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6 Online Resources to Start Advance Care Planning Conversations
posted 07.02.2015

By Judy Thomas, JD

It’s never too soon to start talking about advance care planning. Talking with patients and their loved ones—or even your own family members—and helping them plan for future medical needs is the best way to make sure their wishes will be respected.

Advance care planning allows individuals—anyone older than 18 and at any stage of health—to reflect on and express preferences for medical care in advance of crises that might affect their ability to speak for themselves. These discussions are much easier to start while people are still healthy and should continue over time.

Here are six resources found online that anyone can use to help start the advance care planning process.

1.  The Conversation Starter Kit

The Conversation Project has helped people overcome barriers to talking about end-of-life care by publishing materials that engage families and loved ones in conversations about healthcare preferences. The Conversation Starter Kit—available for download in English, Spanish, French and Chinese—leads people through a step-by-step process to formulate their thoughts, and then express their end-of-life wishes with loved ones.

2. Death Over Dinner

DeathOverDinner.org walks visitors through planning a dinner party designed to engage guests in conversations about death and dying. Dinner planners pick “homework” assignments for guests to read, listen to or watch in advance of the meal. To help ensure a successful event, dinner organizers receive an email with a draft dinner invitation, links to resources and conversation prompts to use over the course of the meal. Death Over Dinner has received a lot of positive coverage in the media.

3. The Go Wish Game: online

The Go Wish Game was initially developed to help assisted-living residents, their family members and staff talk about end-of-life care options and advance care planning. Using a deck of 36 cards, the game stimulates discussions on values and wishes about end-of-life care. It is an effective tool for people of all ages and levels of cognition, including people with limited literacy and limited English skills, without seeming too simplistic for those with more education. While you are encouraged to purchase decks of cards (a set of four is recommended), the Go Wish Game can also be played online in a solitaire format.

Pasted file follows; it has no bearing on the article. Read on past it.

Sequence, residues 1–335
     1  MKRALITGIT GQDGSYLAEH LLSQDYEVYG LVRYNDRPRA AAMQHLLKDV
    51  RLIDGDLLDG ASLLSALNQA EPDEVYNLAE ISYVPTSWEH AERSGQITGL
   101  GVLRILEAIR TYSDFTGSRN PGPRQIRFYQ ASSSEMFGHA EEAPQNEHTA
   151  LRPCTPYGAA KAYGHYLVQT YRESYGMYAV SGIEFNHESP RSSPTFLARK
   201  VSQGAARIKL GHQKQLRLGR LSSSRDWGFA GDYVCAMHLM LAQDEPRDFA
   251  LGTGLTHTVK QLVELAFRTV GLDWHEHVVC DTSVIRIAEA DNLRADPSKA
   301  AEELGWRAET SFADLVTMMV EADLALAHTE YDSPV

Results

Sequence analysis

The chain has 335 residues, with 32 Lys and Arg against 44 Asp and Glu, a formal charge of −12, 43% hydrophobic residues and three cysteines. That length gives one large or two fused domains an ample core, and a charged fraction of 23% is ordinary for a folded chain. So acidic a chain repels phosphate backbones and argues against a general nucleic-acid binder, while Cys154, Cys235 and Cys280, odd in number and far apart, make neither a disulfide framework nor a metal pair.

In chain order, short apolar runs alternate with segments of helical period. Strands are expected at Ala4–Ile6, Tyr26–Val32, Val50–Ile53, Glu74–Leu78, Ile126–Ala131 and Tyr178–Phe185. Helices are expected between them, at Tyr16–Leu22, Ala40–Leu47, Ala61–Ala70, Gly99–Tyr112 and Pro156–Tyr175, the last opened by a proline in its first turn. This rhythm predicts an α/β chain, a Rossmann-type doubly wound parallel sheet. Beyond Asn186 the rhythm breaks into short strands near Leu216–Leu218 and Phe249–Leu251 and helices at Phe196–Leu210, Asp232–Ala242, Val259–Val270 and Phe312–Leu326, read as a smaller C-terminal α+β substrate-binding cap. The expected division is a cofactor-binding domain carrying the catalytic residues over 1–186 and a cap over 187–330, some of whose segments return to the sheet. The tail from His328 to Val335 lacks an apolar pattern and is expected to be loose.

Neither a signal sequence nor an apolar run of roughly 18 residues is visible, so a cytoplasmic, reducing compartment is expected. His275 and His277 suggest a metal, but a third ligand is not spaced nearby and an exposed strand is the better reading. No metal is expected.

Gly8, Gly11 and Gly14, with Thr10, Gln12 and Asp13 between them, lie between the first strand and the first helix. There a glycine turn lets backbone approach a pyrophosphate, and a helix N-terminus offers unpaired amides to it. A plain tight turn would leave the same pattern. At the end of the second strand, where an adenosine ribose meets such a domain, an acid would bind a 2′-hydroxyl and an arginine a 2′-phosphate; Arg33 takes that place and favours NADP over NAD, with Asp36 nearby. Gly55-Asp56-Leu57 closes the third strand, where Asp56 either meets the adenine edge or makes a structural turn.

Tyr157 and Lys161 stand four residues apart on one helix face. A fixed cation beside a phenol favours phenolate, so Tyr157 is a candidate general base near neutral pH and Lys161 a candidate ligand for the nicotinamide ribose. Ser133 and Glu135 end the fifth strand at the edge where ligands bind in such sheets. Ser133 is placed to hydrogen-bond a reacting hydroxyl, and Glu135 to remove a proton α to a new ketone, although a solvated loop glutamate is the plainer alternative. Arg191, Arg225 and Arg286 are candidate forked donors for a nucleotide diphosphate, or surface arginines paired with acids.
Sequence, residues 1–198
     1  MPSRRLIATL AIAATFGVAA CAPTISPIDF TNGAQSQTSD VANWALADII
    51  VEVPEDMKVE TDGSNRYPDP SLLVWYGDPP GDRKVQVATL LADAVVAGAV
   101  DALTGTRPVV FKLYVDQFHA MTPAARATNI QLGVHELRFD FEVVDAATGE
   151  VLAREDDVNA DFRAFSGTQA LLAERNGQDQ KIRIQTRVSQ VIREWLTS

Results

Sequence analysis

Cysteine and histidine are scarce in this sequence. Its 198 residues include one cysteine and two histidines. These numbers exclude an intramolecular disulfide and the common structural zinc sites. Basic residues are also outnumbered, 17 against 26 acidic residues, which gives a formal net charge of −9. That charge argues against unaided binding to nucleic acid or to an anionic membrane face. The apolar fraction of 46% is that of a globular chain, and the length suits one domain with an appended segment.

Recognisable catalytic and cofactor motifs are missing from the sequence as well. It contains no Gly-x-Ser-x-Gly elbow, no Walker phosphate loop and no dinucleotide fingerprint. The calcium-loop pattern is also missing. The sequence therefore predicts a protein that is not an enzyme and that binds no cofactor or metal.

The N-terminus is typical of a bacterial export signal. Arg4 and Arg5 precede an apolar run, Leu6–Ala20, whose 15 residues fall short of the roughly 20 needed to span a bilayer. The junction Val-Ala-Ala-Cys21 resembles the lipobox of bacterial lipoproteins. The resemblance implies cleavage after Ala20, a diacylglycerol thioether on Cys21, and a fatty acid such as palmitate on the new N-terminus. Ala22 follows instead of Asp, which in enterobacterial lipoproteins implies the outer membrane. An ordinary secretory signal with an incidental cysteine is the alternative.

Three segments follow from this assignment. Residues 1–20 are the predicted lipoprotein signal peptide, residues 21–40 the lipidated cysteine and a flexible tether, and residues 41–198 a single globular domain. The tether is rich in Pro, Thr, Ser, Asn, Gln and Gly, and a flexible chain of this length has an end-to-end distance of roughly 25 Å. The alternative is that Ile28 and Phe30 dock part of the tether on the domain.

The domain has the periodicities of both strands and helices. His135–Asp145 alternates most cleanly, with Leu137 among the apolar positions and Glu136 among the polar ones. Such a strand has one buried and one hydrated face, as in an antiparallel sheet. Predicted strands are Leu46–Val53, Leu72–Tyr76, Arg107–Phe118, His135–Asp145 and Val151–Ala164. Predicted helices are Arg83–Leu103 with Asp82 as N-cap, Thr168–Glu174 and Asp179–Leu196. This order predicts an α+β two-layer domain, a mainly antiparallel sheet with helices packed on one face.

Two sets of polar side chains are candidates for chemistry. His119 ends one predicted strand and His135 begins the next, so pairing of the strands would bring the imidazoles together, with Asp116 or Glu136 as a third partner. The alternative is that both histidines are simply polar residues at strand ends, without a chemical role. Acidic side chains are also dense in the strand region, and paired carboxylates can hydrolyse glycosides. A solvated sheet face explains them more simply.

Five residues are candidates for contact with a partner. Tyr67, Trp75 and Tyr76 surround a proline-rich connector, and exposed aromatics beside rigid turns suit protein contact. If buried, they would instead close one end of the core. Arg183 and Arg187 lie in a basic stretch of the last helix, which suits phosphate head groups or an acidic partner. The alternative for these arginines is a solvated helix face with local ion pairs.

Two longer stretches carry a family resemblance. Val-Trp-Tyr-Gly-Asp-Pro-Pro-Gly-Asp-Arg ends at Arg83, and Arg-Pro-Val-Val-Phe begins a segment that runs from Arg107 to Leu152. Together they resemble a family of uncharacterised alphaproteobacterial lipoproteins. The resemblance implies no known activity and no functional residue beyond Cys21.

4. Coalition for Compassionate Care of California

If you are looking for advance care planning conversation tools, advance directives and answers to your frequently asked questions, find them all in one place at CoalitionCCC.org. The Coalition for Compassionate Care of California is a collaboration of organizations and individuals dedicated to helping people get the care they want when facing serious illness. Find resources here you can’t get anywhere else, such as Thinking Ahead, an advance directive for people with developmental disabilities, and an extensive library of videos on a range of topics—from conversations on goals of care to POLST (Physician Orders for Life-Sustaining Treatment).

5. Prepare for Your Care

The Prepare for Your Care website is designed to empower people to make healthcare decisions, talk with providers and get the medical care that is right for them. Designed for people with minimal to no computer experience, PrepareForYourCare.org walks visitors through basic advance care planning steps, and provides prompts and videos to help people get started. The website is also available in Spanish.

6. CaringInfo.org

Caring Connections is a program of the National Hospice and Palliative Care Organization, whose aim is to improve care at the end of life. Their website provides free access to a free advance directive for each of the 50 states.


Judy Thomas, JD, is CEO of the Coalition for Compassionate Care of California (CCCC), a nonprofit organization that promotes high-quality, compassionate care for all who are seriously ill or nearing the end of life. As the voice of palliative care in California, CCCC incubates and disseminates models and ideas to improve access to quality care for all people. Follow Judy on Twitter at @JudyThomasJD

This article was brought to you by ASA's Healthcare and Aging Network.

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